It is not rare for Korean politicians to break their promises, be they those they made to their fellow politicians or voters. One good example is the promise to amend the Constitution by June this year.
The proposal, once upheld by all major parties and senior politicians, has effectively fallen apart as the National Assembly failed to revise the Referendum Act by Monday.
A referendum is necessary for approving a constitutional revision bill, and President Moon Jae-in and his ruling Democratic Party of Korea wanted to put Moon’s bill to a plebiscite on the day of the June 13 local election.
But the current Referendum Act was ruled unconstitutional in 2014 for its exclusion of overseas Koreans as eligible voters. Without addressing the problem, there could be no referendum and due to the minimum number of days needed for preparing the plebiscite, the National Assembly had to revise the act by Monday.
All major political groups, including President Moon and the ruling and opposition parties, should share the blame for failing to keep their promise to put a constitutional revision bill to a national referendum alongside the June 13 election.
There had been persistent political and public calls for the revision of the current Constitution, a product of the 1987 pro-democracy movement that restored election of the president in a direct popular vote and limited the president to a five-year single term. The main reason was that the basic law was focused on ending the successive military dictatorships and that they do not reflect the changes Korean society went through over the three decades.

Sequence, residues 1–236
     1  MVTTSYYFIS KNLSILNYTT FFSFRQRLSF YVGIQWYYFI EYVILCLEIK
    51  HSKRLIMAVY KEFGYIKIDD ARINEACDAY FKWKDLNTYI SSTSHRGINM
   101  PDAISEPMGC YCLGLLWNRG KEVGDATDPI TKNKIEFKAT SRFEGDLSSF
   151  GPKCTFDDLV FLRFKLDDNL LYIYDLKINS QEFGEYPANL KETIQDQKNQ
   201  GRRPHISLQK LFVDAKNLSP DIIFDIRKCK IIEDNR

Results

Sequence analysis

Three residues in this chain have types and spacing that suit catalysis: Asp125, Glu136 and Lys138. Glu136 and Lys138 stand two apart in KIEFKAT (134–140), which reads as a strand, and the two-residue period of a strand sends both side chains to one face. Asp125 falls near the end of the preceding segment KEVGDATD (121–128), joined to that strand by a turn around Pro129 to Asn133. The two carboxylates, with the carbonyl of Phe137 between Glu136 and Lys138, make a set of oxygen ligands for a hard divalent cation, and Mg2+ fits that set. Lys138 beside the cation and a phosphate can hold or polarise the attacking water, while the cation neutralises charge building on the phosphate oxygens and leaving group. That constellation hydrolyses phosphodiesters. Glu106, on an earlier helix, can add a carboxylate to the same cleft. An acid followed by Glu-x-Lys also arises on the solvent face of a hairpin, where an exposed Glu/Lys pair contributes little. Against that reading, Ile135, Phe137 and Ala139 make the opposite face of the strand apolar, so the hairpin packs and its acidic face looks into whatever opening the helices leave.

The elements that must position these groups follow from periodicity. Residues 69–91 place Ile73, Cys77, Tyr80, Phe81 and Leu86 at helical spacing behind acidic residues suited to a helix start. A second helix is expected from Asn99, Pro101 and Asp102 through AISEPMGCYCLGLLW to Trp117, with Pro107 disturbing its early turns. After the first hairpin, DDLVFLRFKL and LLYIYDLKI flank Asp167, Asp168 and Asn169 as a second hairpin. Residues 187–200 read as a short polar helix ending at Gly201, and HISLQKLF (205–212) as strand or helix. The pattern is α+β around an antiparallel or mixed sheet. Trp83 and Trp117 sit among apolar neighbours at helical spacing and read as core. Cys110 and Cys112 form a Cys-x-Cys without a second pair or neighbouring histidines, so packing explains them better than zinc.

The ouster of former President Park Geun-hye for corruption and abuse of power further heightened the call as many saw concentration of power in the president as a main cause of the problems with the Korean presidency.
Riding such a public sentiment, all contenders in the presidential by-election, including Moon and Hong Joon-pyo of the main opposition Liberty Korea Party, pledged to revise the supreme law alongside the June 13 local election.
In line with the consensus, the rival parties launched a special parliamentary committee in late 2016, but they made little progress due to political bickering. Hong and his Liberty Korea Party bear the biggest share of the blame for the lack of progress as they changed their mind and opposed an early revision. They cited the presumption that holding a national referendum and the local election simultaneously may work against the conservative party.
Moon was also ill-advised as he -- instead of persuading the opposition -- invoked the presidential right to propose a constitutional revision bill.
His unilateral move raised questions about his motives, since the ruling party does not have enough parliamentary seats to pass the amendment bill alone. That raised suspicions that he simply wanted to make the opposition a scapegoat.
Moreover, Moon’s bill encountered stiff objection from the opposition because it included few measures to curb the power of the president, except for reducing the time in office to four years and allowing a second term. For instance, the Liberty Korea Party insists that the prime minister should not be appointed by the president, but by the National Assembly.
This and other wide gaps between the rival parties are unlikely to be narrowed anytime soon. Besides, the parties are now locked in severe political wrangling over an online opinion rigging scandal and other contentious issues. The inter-Korean summit, which will be followed by a meeting between US President Donald Trump and North Korean leader Kim Jong-un, will also weigh heavily on domestic politics.
It means that for more time to come, we may have to continue to see only the blame game between the rival parties with no early revision of the outdated supreme law in near sight.